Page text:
Wednesday, October 21, 2009

Letter to John Allen and Tom O'Clair: rating the counties

Family and consumer representatives John Allen and Tom O'Clair of the NY State Office of Mental Health published a survey rating the counties by how many constituents sat on county community services boards and mental health subcommittees. The idea was to stir up interest, should the county be failing its responsibilities. The way they did it, compiling a staggering table of meaningless data, drew the remarks below.

John Allen andTom O'Clair:

I really don't see any meaning in the table you have sent out to the NAMI organization and its affiliates. Someone at OMH has spent a lot of time putting this together at a time when community mental health services budgets are stretched thin and there has been no growth in services to keep up with the population changes and to see that needed jobs are done by provider agencies. The county offices of community services are understaffed, positions are missing and go unfilled and county political leadership does not promote a vigorous attitude for mental health.

This fact gathering is a misrepresentation about the participation level of families and recipients as well as provider personnel. It has inaccurate data about their participation, about the numbers of meetings and frequency. The county by county scores at the end of the table are laughable attempts to show one county does better than another when the grades have no basis.

There is in fact, very little participation by families and recipients on these county boards and committees. In Schenectady I'm sorry to see things on the downgrade with fewer family members attending, almost no consumers, and almost no directors of agencies. This is a high scoring county in your estimation. Instead, there is low morale, even disinterest, I believe, because mental health budgets are kept low and the Office of Community Services can't staff up promptly. Meetings are infrequent and poorly attended by providers.

I'll tell you what's wrong here, besides wasting taxpayer money on such mind numbing number checking. The OMH has abdicated its responsibility to see that the county community services boards and mental health subcommittees act according to law and regulation. These offices are weak and unorganized. The meetings are held infrequently and not on regular schedules, often being cancelled. These are not formal meetings. there are no minutes kept, no votes taken, no agenda published. No attendance is taken, no written record of continuity as to what was planned and what was accomplished. So a citizen cannot tell what the community services board or its mental health committee does nor what it has done over the years to show for its meetings.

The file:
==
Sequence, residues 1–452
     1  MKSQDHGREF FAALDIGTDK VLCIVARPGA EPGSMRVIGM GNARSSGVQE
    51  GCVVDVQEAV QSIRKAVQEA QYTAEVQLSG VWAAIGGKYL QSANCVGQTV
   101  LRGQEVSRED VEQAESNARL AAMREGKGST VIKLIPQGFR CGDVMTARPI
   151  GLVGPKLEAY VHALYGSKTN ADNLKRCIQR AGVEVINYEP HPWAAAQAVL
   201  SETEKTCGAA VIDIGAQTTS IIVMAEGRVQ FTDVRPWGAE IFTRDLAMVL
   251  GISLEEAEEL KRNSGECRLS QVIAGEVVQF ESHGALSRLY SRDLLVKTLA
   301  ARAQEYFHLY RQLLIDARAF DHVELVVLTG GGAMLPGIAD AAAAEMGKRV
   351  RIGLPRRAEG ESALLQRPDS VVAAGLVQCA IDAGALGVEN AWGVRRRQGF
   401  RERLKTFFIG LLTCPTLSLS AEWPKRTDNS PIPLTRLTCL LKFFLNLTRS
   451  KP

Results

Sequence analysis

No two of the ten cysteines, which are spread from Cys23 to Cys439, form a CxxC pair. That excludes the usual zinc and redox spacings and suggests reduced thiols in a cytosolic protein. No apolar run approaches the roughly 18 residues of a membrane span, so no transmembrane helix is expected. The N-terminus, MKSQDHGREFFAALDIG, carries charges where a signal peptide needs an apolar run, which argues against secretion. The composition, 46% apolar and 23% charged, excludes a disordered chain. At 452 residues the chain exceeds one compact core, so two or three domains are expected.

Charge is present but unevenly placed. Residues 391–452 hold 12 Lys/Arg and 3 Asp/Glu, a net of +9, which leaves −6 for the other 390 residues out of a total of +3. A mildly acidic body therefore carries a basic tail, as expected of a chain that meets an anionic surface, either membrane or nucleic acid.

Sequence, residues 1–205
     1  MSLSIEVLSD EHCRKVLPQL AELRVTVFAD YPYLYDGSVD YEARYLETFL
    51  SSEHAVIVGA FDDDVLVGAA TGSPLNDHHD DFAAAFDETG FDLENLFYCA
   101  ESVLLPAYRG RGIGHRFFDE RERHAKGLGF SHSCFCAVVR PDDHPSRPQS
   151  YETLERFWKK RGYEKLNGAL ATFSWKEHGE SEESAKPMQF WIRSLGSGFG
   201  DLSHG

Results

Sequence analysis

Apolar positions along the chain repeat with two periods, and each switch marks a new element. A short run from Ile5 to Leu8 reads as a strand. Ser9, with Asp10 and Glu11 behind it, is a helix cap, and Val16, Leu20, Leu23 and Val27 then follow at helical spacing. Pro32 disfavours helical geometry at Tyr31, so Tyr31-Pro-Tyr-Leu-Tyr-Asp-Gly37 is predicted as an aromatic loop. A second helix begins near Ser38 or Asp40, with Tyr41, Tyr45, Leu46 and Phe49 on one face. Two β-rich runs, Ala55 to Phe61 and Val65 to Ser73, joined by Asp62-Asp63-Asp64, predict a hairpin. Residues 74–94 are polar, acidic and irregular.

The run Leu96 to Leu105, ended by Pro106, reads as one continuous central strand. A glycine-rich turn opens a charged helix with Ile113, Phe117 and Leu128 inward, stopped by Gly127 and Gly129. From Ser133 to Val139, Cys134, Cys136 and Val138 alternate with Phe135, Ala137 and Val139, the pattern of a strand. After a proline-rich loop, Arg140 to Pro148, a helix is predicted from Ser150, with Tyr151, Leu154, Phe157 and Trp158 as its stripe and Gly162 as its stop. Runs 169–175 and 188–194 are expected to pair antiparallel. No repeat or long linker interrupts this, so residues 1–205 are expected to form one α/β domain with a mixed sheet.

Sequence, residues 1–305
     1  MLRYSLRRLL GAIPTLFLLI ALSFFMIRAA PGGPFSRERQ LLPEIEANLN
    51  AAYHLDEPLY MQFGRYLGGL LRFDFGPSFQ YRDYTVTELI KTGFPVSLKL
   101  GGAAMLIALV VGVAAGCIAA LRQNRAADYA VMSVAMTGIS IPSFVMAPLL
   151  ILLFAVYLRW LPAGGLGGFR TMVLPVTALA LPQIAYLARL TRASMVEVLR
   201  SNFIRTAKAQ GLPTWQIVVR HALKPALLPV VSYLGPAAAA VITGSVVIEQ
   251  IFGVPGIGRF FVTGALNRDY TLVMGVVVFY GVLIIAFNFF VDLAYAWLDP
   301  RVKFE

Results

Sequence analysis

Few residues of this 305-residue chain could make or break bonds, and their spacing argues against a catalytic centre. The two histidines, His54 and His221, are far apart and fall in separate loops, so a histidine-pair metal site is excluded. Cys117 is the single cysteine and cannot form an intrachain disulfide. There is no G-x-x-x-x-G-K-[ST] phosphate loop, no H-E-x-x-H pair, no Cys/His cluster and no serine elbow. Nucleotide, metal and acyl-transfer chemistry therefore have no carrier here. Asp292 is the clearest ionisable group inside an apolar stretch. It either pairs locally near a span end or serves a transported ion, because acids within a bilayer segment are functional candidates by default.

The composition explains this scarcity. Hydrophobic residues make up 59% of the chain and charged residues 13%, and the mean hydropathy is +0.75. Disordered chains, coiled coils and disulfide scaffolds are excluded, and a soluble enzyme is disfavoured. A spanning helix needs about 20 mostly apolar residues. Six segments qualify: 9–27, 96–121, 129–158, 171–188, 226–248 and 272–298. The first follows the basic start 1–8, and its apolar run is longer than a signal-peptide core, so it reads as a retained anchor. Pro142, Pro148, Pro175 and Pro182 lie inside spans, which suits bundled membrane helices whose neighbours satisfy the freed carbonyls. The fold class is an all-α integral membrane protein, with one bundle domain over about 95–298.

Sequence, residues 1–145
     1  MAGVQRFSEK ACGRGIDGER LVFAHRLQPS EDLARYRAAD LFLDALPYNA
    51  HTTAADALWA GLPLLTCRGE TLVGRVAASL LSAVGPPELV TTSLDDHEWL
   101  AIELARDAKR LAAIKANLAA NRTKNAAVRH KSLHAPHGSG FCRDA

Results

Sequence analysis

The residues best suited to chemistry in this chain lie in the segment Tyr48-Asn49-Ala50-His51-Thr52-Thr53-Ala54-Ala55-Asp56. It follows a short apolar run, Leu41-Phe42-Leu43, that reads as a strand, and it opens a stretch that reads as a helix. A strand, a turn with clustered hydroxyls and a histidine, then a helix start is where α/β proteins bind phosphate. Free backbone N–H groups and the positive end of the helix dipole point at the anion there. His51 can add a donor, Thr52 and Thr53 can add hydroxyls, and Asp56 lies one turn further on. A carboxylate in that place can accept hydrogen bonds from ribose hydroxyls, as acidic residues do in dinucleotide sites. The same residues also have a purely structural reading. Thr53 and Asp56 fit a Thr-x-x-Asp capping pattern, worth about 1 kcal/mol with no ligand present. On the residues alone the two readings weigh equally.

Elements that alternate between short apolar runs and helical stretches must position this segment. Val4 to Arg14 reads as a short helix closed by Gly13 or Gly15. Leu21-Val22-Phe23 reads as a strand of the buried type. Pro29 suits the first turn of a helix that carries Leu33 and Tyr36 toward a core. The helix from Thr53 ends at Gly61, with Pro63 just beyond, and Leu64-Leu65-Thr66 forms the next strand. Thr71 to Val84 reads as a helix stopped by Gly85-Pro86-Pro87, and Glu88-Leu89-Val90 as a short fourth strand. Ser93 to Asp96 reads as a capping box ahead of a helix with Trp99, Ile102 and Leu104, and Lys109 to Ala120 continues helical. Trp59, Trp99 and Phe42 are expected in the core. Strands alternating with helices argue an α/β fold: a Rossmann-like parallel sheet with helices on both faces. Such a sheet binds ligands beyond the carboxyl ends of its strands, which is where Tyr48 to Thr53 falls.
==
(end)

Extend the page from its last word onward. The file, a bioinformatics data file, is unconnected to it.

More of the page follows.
For that matter, most of the parents I meet with in family support groups over here wouldnt know there are such boards and committees and if they do, they do not show interest in joining them when we publicize them. Here's what I want to say. The parents are far more interested in the immediate problems facing them and their adult children with mental disorders. they crave more counseling, advice, talking out their situations, which keep changing, particularly when someone is losing touch and uncontrolled with their illness, getting in trouble with the law, lacking housing, needing medicine, looking for social security and medicaid benefits, trying to work free the bureaucracy and waiting lists to get what they need.

I know both of you are trying to help with those things. And we in NAMI and the hospital support groups go over it again and again. But these necessities are never ending. New parents come along with the same problems and need a helping hand all along the way, the kind of support we need from both of you, as well.

What's wrong is that these citizen boards are set up to see there is leadership at county level with citizens invited on them to see that the private agencies in mental health are doing what they're supposed to and they're properly funded. Without the exposure the agencies don't have to do as good a job or they're far less visible. That's why I write. People in need are being left out. A few years ago mental health subcommittee meetings were attended by many more agencies--in housing and homeless services, family and child, mental health clinic and hospital inpatient, crisis-emergency, Catholic Charities, City Mission, YMCA--as well as families and consumers. I can remember healthy debates about where our county was going and what was missing and should be addressed in mental health. People looked to the county agency to step up and lead. It's not happening now. You can't help feel the difference from a few years ago. (Roy Neville)

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